Surface and sub-surface processes
The atmosphere exchanges heat, moisture and momentum with the underlying surface.
Representing surface processes in a numerical forecasting model involves linking the model's atmospheric boundary layer scheme with its surface schemes and determining the structure of the very lowest part of the boundary layer, known as the surface layer. A prerequisite for improving the representation of these processes in models is building a good physical picture of behaviour at the surface. Observational studies play a prominent role in this research, but detailed process models, such as the Met Office Large Eddy Model, are also used.
Development of land surface modelling within the Met Office is now centred on the Joint UK Land Environment Simulator (JULES), a community land surface model, with applications in both weather forecasting and climate modelling. The coupling between the atmosphere and the sea surface has been less intensively developed within the context of weather prediction models, but is currently receiving renewed attention.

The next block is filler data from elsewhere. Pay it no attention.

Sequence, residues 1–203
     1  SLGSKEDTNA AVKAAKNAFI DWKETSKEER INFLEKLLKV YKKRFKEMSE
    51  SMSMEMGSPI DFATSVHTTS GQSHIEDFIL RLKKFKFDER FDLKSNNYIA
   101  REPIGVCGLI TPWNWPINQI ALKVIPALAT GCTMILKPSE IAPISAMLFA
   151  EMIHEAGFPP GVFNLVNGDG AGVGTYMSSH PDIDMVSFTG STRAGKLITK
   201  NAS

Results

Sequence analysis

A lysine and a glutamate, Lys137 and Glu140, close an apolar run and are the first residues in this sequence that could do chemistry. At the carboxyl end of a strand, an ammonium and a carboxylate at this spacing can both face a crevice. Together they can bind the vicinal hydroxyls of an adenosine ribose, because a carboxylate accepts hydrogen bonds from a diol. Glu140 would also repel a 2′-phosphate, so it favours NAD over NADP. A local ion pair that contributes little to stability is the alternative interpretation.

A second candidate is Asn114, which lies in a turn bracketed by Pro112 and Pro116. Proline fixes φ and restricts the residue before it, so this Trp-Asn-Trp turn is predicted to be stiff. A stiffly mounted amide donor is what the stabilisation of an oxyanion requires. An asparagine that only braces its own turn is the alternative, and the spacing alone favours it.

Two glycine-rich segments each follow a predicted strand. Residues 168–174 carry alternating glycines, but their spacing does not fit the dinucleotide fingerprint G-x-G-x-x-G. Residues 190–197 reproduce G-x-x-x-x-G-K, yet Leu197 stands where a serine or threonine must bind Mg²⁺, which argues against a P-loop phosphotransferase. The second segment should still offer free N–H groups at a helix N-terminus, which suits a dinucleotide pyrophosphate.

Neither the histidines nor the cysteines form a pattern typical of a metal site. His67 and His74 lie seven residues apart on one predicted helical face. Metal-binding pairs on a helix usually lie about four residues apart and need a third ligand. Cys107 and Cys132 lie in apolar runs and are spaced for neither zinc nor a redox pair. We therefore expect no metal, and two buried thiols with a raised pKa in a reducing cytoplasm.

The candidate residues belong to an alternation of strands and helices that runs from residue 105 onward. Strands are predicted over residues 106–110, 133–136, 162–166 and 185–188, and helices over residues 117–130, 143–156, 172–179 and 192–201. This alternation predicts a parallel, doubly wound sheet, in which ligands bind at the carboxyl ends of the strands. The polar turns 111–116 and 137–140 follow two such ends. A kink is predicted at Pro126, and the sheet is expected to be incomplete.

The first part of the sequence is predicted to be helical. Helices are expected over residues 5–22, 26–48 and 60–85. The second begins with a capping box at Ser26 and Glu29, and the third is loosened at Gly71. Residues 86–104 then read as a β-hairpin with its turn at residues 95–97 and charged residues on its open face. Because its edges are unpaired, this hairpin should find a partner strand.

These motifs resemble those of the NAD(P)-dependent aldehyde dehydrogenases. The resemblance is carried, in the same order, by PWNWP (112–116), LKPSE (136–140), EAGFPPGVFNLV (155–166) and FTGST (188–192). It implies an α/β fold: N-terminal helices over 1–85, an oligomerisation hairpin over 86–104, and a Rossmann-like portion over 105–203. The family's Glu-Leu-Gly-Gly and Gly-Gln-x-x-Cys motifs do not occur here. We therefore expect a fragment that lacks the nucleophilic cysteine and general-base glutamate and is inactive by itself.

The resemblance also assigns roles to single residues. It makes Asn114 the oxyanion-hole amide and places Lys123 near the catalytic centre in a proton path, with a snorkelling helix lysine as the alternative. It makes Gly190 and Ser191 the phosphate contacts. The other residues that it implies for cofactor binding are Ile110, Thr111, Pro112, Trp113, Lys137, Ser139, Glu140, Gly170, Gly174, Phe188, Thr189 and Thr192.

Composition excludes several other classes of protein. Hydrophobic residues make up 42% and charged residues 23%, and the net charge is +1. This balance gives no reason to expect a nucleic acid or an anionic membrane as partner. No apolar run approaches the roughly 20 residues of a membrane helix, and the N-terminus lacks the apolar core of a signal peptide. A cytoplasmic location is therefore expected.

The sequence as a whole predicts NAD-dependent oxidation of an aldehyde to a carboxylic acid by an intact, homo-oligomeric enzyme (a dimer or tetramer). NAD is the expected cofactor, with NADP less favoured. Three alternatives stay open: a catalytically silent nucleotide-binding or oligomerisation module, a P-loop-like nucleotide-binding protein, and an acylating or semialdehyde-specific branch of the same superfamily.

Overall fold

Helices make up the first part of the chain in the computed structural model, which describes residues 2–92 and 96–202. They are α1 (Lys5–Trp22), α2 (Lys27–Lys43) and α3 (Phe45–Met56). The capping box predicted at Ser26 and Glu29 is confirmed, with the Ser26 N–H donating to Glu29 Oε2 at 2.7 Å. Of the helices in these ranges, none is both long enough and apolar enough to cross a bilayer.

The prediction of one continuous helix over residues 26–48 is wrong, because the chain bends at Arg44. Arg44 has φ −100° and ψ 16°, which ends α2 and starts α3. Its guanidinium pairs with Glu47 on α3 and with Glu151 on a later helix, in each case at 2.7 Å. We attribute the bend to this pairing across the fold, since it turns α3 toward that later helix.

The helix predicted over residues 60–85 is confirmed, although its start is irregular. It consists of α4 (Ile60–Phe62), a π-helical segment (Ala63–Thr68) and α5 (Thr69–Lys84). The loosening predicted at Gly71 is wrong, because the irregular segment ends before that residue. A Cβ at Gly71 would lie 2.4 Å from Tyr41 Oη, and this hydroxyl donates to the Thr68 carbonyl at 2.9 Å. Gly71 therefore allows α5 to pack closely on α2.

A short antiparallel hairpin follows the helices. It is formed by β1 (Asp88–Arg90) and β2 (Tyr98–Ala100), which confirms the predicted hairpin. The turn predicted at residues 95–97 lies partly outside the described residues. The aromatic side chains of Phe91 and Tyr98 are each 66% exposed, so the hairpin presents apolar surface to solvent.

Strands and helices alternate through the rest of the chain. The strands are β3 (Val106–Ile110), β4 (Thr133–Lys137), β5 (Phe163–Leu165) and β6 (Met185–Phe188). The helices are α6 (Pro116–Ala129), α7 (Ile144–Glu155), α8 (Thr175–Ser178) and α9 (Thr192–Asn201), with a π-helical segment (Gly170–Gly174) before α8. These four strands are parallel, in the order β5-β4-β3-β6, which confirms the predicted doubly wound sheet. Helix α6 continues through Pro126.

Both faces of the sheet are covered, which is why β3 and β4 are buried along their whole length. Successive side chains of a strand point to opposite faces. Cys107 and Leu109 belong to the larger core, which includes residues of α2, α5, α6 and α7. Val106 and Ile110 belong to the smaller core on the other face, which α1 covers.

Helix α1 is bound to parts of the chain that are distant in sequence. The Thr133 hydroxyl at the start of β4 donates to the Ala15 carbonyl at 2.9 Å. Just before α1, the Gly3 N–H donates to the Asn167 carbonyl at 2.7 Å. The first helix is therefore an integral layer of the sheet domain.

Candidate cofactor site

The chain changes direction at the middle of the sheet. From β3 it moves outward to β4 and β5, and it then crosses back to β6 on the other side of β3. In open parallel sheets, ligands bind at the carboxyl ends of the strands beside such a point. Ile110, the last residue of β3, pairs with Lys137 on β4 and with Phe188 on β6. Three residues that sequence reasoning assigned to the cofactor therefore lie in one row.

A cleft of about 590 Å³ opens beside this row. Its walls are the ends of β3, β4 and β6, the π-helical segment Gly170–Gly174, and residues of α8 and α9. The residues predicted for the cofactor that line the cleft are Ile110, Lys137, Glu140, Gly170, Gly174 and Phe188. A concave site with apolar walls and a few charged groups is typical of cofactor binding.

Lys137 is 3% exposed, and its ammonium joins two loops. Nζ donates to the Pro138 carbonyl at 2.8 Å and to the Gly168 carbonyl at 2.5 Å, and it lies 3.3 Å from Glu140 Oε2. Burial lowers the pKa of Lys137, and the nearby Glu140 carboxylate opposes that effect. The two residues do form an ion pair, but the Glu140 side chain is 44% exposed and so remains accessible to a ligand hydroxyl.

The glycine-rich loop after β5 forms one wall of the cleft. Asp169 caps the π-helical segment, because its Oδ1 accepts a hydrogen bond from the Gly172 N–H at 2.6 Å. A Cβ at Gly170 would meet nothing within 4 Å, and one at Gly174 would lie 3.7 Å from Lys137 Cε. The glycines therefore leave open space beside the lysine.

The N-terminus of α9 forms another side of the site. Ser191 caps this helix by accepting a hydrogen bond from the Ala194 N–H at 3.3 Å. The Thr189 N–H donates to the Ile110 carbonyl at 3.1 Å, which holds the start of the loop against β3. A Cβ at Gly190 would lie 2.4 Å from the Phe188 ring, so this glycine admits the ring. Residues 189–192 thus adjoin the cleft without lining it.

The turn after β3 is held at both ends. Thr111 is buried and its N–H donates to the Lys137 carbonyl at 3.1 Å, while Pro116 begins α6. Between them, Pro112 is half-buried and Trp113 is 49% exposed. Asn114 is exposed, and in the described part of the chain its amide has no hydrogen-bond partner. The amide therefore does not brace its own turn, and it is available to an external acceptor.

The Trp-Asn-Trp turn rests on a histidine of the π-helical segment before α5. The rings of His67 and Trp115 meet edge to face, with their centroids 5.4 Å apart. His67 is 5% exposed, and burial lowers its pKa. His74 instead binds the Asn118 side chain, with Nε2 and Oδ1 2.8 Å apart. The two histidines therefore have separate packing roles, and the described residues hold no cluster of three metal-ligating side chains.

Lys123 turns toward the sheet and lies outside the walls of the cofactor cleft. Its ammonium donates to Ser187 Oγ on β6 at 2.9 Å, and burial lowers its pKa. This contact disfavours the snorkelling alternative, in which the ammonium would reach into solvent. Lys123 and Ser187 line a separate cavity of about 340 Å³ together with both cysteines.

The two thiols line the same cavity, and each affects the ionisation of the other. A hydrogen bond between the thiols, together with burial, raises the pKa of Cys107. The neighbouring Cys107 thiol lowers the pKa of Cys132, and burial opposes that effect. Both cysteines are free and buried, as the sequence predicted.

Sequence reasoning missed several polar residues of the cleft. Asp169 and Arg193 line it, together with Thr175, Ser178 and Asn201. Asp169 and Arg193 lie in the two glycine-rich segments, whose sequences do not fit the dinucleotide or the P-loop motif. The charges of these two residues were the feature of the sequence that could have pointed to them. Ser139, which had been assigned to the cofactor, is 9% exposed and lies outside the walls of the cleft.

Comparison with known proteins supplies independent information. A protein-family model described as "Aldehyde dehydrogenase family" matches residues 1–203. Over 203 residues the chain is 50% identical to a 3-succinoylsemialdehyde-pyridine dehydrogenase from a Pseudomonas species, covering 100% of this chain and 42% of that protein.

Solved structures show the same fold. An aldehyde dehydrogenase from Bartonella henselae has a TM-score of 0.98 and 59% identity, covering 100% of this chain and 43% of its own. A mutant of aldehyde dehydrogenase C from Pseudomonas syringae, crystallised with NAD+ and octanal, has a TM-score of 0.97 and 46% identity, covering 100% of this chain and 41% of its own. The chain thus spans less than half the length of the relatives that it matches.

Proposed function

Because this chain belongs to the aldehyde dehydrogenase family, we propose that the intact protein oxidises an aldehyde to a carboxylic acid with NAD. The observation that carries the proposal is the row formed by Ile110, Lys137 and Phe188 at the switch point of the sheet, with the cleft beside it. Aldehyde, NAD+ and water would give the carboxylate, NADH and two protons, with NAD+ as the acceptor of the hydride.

Better representations of surface processes contribute directly to improvements in the forecasting of near surface variables, such as wind and temperature, while an accurate representation of the surface fluxes is important for the accurate long-term evolution of forecasts. In addition, weather and surface data are necessary inputs to a range of other environmental forecasting models. Also, as we live on the land surface, it is important to ensure that we can have an accurate representation of the current and future state of the land, such as the impacts of flooding or droughts.
To obtain a better understanding of physical processes operating at the surface and in the lowest few metres of the atmosphere.
To improve the forecasting of near-surface weather (notably winds and temperatures) and to provide better driving data to downstream models that depend on weather and surface data.
Investigate the impact of the land surface towards the predictability of weather and climate.